Round aluminium stock 100mm diam, I off 7mm and 1 off 8mm
4mm bolt 30 mm log.
4mm nut and shakeproof washer.

Highly preferable: Drill press.

  • Mark, centrepunch and drill a 10mm hole through square stock, 15mm from one end.
    Ream slightly as required and insert 100mm stock 7 cm long so one end is flush with the square stock. This is the lower peg.
  • Holding the lower peg steady, drill a 5mm hole through the square stock on the adjacent side, so that a 4mm bolt can be passed through the stock and the peg, thus securing it.
  • (Alternatively, drill a 5mm hole through the adjacent side of the square, insert the peg and mark through the 5 mm hole using (eg) a thin scriber. Then drill the peg 5mm separately, using the drill press and a V block).
  • Secure the peg to the stock and file down any slight protrusion.
  • By placing the part-made tool with the peg under the lower (alternator) pulley, you can lay the tool along the belt, and mark off the position of the upper pulley tangent, judging by eye
    Take the tool to the bench and mark/re-mark the upper tangent point as just found, plus a line 3.7 cm from the inside of the peg (where it will press against the underneath of the lower pulley). This line will be the lower tangent point.
  • You should find the distance between the two tangent points to be approx. 18.8 cm.
    The centre point (where we will gauge deflection) is therefore halfway (9.4 cm from either end. Mark that clearly.
  • Drill a 10mm hole at that halfway position and ream slightly to accept 10mm circular stock 8 cm long (this is the gauging plunger).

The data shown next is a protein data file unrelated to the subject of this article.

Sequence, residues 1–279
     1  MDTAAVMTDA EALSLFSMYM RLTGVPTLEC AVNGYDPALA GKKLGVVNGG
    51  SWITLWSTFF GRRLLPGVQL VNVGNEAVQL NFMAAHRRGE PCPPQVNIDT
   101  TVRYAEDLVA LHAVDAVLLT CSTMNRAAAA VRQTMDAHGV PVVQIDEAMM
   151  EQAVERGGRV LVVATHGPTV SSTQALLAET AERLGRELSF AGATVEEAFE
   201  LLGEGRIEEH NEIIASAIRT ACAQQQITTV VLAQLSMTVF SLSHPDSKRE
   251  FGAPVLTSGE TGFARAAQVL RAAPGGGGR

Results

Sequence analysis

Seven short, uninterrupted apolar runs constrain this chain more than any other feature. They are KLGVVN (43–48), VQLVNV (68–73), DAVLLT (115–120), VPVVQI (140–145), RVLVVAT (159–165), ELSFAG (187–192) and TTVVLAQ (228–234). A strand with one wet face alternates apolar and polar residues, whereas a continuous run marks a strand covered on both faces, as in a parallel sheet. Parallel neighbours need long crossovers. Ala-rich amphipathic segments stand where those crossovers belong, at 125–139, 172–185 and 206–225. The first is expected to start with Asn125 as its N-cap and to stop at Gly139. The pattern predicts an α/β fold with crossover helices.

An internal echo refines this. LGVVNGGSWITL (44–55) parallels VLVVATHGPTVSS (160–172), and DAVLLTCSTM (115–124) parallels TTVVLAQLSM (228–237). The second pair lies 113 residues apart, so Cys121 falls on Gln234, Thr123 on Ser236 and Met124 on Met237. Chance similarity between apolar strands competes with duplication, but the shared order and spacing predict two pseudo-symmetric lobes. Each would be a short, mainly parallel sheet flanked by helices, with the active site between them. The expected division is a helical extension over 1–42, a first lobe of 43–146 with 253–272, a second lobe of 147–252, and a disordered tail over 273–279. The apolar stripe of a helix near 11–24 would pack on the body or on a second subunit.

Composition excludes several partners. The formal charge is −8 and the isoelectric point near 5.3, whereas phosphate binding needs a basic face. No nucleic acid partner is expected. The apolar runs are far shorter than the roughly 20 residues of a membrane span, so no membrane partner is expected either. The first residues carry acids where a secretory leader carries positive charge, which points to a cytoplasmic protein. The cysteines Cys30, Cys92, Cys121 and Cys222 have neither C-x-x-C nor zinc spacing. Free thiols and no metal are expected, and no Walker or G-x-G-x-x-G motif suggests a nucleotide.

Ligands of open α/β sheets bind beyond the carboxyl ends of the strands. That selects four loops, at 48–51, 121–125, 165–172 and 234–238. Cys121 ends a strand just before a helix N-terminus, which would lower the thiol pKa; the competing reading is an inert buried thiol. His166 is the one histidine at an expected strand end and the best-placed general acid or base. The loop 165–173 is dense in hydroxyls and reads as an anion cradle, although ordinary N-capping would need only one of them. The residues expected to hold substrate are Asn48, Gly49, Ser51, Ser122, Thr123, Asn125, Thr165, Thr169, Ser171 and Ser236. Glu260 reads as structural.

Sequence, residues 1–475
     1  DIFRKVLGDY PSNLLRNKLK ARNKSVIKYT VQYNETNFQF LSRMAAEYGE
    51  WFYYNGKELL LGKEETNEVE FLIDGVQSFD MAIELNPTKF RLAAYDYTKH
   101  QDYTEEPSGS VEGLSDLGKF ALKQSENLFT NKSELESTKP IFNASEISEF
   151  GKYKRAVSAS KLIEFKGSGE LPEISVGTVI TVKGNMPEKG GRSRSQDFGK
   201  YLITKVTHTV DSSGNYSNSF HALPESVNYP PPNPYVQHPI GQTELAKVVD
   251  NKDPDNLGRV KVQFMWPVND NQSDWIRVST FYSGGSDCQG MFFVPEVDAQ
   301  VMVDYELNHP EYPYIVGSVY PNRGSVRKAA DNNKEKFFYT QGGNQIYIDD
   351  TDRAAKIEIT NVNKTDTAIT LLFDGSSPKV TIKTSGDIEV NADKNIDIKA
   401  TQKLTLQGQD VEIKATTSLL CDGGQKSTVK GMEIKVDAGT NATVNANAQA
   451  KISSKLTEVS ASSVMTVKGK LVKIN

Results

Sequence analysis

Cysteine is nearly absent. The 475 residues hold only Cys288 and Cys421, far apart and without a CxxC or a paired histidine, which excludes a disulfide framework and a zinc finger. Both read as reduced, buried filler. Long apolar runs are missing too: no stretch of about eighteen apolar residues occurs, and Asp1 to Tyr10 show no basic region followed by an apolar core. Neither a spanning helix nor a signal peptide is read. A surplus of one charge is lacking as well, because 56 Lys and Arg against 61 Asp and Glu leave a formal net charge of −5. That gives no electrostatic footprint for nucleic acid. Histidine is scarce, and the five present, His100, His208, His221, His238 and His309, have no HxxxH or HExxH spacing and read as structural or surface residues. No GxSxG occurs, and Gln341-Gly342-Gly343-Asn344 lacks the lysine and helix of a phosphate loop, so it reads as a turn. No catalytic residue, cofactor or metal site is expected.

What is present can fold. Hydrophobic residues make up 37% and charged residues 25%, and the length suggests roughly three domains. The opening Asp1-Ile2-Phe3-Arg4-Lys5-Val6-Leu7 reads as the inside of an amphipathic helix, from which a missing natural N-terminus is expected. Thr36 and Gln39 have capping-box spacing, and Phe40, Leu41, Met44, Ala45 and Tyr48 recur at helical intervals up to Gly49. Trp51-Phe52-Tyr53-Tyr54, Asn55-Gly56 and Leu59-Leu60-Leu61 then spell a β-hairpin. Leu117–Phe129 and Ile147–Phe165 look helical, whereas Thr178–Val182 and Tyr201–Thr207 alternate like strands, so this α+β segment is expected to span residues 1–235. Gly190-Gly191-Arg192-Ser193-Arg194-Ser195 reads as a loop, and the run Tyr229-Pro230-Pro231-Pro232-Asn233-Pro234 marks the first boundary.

• Note that the span length falls at the lower end of the 6mm deflection as recommended in the manuals.
  • Our access and lighting problem would make it impossible to reliably guess how far the belt can be pressed (deflected). This is the purpose of the gauging plunger which will be calibrated on the outside! It will also be very clearly marked.
  • So we now mark the deflection plunger so that we can clearly see at the side opposite to the belt, just how far the plunger protrudes from the square stock (which is the deflection). In our case 4.4 — 6 mm is the minimum.
  • With the plunger inserted into the square stock so that the end is flush, mark hard against the square stock.
  • Slide plunger so that 5mm is protruding and mark again on the other side of the plunger.
  • Do the same for 10mm protrusion.
  • Either by eye, or using drill press, mark the 5 and 10mm positions all round the plunger.
  • When satisfied, score those lines.
  • Spray the plunger all round the scored lines with black paint, and immediately wipe it clear, leaving the paint in the bottom of the scored lines. This will provide easily seen calibration marks to the outside of the tool
  • What can possibly go wrong? Experienced Jaguar home mechanics quickly realise that in use, the plunger will fall out of the tool and into the engine bay, onto the floor if you are lucky or even into the inside the radiator cowling! Aluminium is not practically magnetic so you’re out of luck with the extendable magnet we all use. How-to prevent it? Drill through the non-belt end of the plunger and through the square stock near to the hole, to provide tie points for short length of thin marking out cord. If the plunger slides out it will dangle only!
  • What else can go wrong? If you make the string too short you won’t be able to insert the plunger; too long and it will get in the way…


Obviously, hook the lower peg under the alternator pulley, lay the tool along the belt and depress the plunger firmly, reading off against the plunger marks. 5 mm would be fine (it is not critical). Adjust per instruction above and retest.